City News Service

Laurie Leshin, president of Worcester Polytechnic Institute in Massachusetts, has been named the new director of the Jet Propulsion Laboratory and vice president of Caltech — becoming the JPL’s first woman director, it was announced Thursday.

Leshin, a geochemist and space scientist, succeeds Michael Watkins, who stepped down in August. Retired Air Force Lt. Gen. Larry D. James has been serving as JPL interim director.

JPL is a federally funded research and development center managed by Caltech for NASA.

Leshin, who was named WPI’s first woman president in 2014, will assume her new positions on May 16, the JPL and Caltech said Thursday in announcing the appointment.

Raised in Arizona, Leshin earned a bachelor’s degree in chemistry from Arizona State University, and received her master’s and doctoral degrees in geochemistry from Caltech.

“Laurie Leshin stood out in an exhaustive international search because of her profound commitment to people, her strategic approach to scientific and technological opportunities, her deep appreciation of NASA’s leadership in space exploration and Earth science, her mastery of complex organizations and her ability to inspire the next generation of scientists and engineers,” said Caltech President Thomas F. Rosenbaum.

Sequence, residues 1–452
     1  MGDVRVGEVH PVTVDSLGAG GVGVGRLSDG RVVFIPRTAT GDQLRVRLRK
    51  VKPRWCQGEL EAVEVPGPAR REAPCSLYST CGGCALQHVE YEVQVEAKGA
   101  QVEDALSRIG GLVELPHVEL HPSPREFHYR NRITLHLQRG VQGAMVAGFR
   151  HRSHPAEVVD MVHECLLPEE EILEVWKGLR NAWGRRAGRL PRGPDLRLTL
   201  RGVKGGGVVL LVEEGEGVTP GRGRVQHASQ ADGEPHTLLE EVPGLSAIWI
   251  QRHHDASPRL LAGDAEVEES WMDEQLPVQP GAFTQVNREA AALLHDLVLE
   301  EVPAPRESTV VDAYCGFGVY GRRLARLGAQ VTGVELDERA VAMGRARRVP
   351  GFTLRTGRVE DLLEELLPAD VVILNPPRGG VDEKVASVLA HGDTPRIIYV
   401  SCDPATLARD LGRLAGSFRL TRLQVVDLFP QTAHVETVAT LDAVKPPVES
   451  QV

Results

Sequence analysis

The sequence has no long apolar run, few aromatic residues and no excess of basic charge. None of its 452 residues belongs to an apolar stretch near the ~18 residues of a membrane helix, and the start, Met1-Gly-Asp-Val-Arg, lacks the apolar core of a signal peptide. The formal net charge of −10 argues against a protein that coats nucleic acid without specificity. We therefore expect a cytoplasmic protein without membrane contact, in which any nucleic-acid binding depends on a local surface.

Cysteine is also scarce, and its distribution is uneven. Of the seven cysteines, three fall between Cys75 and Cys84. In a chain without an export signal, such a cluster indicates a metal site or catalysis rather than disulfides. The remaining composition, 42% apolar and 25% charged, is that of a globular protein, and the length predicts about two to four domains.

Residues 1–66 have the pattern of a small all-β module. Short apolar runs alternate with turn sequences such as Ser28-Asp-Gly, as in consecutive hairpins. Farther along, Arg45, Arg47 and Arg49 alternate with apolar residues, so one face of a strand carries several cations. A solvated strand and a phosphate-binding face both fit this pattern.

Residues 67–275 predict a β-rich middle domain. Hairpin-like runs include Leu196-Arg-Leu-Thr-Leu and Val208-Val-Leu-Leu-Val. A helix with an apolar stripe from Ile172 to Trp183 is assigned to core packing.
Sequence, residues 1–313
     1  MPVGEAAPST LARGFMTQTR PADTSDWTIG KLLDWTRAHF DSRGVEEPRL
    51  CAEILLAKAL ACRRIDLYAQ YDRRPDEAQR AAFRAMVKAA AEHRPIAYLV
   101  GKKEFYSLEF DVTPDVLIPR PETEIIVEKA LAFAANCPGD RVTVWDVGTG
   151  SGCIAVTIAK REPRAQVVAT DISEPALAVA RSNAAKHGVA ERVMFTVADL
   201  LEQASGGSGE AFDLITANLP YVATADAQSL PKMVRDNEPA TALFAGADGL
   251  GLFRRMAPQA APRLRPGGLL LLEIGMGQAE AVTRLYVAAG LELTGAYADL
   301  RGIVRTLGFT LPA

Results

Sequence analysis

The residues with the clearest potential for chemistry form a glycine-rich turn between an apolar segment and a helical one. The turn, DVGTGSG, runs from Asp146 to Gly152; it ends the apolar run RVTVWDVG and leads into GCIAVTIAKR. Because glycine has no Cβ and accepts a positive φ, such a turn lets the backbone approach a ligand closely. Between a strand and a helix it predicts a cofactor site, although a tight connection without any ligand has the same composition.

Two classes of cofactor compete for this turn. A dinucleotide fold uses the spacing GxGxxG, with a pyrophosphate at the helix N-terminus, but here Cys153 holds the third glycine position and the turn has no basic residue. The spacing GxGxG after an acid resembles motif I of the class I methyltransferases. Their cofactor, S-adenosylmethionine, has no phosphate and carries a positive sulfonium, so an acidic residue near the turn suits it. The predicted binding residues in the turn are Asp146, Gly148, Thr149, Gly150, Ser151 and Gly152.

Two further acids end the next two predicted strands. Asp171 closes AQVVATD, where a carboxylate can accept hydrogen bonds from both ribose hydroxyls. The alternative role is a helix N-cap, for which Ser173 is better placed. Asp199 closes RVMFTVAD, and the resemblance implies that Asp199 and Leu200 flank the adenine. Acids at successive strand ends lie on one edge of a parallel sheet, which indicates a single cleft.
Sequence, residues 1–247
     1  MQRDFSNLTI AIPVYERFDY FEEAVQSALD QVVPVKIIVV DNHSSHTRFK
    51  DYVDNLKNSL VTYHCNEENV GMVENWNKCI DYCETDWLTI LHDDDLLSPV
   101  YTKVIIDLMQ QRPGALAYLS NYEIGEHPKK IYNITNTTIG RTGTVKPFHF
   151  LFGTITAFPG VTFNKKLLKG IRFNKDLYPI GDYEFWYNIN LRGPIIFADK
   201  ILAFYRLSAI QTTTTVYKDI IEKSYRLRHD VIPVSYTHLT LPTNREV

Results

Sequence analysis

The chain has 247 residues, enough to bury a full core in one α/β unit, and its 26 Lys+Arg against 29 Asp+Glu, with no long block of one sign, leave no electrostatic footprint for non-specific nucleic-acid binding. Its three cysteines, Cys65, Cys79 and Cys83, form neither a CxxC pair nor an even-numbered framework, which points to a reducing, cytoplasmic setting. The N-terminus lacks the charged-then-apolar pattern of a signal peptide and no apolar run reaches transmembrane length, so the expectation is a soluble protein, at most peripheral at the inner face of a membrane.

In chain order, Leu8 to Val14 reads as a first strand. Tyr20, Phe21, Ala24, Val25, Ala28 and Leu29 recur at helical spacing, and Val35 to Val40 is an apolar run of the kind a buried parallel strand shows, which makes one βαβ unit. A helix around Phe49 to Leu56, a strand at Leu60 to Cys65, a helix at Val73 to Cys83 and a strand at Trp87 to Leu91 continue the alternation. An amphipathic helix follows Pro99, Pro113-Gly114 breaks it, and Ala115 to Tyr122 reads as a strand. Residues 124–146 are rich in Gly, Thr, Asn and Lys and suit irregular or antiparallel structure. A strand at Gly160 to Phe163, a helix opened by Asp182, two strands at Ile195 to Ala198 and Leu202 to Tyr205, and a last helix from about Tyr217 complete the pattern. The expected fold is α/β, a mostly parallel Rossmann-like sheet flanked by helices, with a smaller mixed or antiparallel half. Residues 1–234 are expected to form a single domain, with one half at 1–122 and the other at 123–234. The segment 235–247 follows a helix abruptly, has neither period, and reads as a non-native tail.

“We are so pleased to be able to welcome Laurie back to campus and to JPL.”

Leshin’s career has spanned both academia and senior positions at NASA, and included two White House appointments.

In 2005, she became director of science and exploration at NASA’s Goddard Space Flight Center, and in 2008, she was named Goddard’s deputy director for science and technology. In 2010, she became deputy associate administrator of the Exploration Systems Mission Directorate at NASA headquarters, where her work, in part, involved the commercial capabilities of space flight.

Leshin left NASA in 2011 to join Rensselaer Polytechnic Institute in New York State as dean of the School of Science.

In 2004, Leshin served on President George W. Bush’s Commission on Implementation of United States Space Exploration Policy. In 2013, President Barack Obama appointed her to the advisory board of the Smithsonian Institution’s National Air and Space Museum.

Throughout, Leshin has also continued her scientific work, with a focus on examining the record of water on objects in the solar system.

“I am both thrilled and humbled to be appointed the director of JPL,” Leshin said.

“In many ways, this feels like a homecoming. Some of the most impactful experiences of my career have taken place on the Caltech campus and at JPL — lessons learned and goals achieved that have shaped me as a leader and a space scientist. The opportunity to return to working closely with so many colleagues across Caltech — at the Lab and on campus — and at NASA is a dream come true.”

She also said she was “especially honored to be the first woman to hold the title of director of JPL.”

“I kfrom personal experience that diverse teams make greater impact, and I will work every day to ensure that JPL is a place where all belong and thrive,” she said. “We will dare mighty things, together.”

Watkins, the former director, announced in August he was stepping down to resume his academic and research career in aerospace and geophysics at Caltech.

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